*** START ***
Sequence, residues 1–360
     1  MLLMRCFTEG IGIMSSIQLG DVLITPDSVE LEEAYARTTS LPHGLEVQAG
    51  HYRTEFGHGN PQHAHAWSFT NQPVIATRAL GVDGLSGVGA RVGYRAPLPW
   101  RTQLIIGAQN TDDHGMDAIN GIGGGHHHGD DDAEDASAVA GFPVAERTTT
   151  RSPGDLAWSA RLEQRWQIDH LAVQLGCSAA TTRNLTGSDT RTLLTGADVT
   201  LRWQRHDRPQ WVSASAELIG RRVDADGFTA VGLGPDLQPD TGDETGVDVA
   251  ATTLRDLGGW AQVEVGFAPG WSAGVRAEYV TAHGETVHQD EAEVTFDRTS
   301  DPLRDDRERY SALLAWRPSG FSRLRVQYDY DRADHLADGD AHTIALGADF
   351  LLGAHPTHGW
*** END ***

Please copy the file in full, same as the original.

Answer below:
Sequence, residues 1–360
     1  MLLMRCFTEG IGIMSSIQLG DVLITPDSVE LEEAYARTTS LPHGLEVQAG
    51  HYRTEFGHGN PQHAHAWSFT NQPVIATRAL GVDGLSGVGA RVGYRAPLPW
   101  RTQLIIGAQN TDDHGMDAIN GIGGGHHHGD DDAEDASAVA GFPVAERTTT
   151  RSPGDLAWSA RLEQRWQIDH LAVQLGCSAA TTRNLTGSDT RTLLTGADVT
   201  LRWQRHDRPQ WVSASAELIG RRVDADGFTA VGLGPDLQPD TGDETGVDVA
   251  ATTLRDLGGW AQVEVGFAPG WSAGVRAEYV TAHGETVHQD EAEVTFDRTS
   301  DPLRDDRERY SALLAWRPSG FSRLRVQYDY DRADHLADGD AHTIALGADF
   351  LLGAHPTHGW